Accomplices

Orwell

Fact:
The mayor of the city I live in has won a second term in office while being imprisoned for corruption for about a month. He was caught by police while someone was bribing him. He was reelected with a score of 70%, making him one of the most popular mayors in Romania. We knew in advance that he was going to be elected, so his success came as no surprise. He will continue to rule the city from prison until justice will be bribed enough to free him. This is widely regarded here as something completely normal.

Reflection 1:
Tolerating crime without taking a stance against it equals being partner in crime. There isn’t such a concept as neutral when talking about things that involve everyone in a community. Neutrality = denial of responsibility. Period.

Reflection 2:
In heavily dependent, eroded and frustrated populations, we often find the idea of “good enough” or “the less bad choice”. This happens due to what positive psychology calls “learned helplessness”. After ages of abuse and corroded values, the fact that “it can’t possible be better” becomes a self-evident truth. This population CAN’T IMAGINE something or someone better. And if you can’t imagine it or you can’t dream it, then you can’t find it or you can’t do it. This population is fated to repeat the same pattern.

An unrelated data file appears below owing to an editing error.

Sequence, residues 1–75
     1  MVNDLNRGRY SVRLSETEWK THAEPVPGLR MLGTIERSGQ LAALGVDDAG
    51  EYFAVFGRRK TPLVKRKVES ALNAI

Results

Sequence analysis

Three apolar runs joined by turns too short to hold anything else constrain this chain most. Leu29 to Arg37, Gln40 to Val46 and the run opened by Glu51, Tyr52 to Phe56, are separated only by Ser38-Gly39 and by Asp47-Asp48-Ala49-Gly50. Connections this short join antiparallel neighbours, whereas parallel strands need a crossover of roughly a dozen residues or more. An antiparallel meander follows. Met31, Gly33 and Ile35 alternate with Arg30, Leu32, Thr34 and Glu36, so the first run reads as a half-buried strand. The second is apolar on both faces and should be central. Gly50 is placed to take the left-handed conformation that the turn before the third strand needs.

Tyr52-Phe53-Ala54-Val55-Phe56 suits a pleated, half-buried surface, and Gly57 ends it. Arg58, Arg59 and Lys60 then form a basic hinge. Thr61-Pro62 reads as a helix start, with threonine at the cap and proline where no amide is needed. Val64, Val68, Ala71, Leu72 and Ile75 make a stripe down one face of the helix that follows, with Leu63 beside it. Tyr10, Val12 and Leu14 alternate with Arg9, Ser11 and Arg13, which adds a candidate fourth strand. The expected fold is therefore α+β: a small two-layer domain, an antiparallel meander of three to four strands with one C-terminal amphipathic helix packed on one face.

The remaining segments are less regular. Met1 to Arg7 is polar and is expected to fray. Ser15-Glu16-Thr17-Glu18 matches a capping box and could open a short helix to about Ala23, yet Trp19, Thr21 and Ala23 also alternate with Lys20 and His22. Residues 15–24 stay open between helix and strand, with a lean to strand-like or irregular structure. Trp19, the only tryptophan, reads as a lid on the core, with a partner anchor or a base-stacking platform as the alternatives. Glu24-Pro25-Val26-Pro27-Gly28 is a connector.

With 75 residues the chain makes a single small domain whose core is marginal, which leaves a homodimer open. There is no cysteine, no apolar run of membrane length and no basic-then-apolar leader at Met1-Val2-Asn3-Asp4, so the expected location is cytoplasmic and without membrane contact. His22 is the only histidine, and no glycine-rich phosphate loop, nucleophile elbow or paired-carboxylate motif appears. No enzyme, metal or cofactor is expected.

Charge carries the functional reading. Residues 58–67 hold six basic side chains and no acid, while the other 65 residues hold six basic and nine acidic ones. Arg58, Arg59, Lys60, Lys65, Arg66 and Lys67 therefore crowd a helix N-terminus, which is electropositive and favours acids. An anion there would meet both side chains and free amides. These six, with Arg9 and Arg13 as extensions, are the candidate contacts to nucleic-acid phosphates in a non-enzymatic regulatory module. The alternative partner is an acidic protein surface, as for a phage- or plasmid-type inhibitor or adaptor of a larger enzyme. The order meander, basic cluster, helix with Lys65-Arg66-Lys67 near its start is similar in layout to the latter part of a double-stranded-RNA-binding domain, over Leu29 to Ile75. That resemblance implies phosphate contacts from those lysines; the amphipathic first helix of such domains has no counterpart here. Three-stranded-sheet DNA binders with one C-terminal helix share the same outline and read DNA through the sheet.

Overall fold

Reflection 3:
Punishing the mayor is only the minor part of the solution, since the population is the force that generated his election, therefore the entire population should be put in jail if we were to apply the concept of collective responsibility. Since we can’t put an entire population in prison, the problem has no solution. On a higher level however, the population is fated to suffer the abuse from the mayor (when he gets out of the prison and starts to take revenge), hence being punished by default.

Reflection 4:
It is really difficult to tell who the victim and the abuser is, since the mayor and the community change roles alternatively. The mayor abuses the community; the community elects him again so as to secure her position of victim and his position of abuser, respectively. The mayor is dependent on the votes of the community; the community is dependent of the suffering inflicted by the mayor.

Conclusion:
1. I can’t show compassion to people complaining of how bad their life is in Romania, since they are the artisans of the present situation.
2. If you need to be abused or you need to abuse someone – either way – you’re welcomed here in Romania! The population is secretly excited by this perspective.

Advertisements

Leave a Reply

Fill in your details below or click an icon to log in:

WordPress.com Logo

You are commenting using your WordPress.com account. Log Out / Change )

Twitter picture

You are commenting using your Twitter account. Log Out / Change )

Facebook photo

You are commenting using your Facebook account. Log Out / Change )

Google+ photo

You are commenting using your Google+ account. Log Out / Change )

Connecting to %s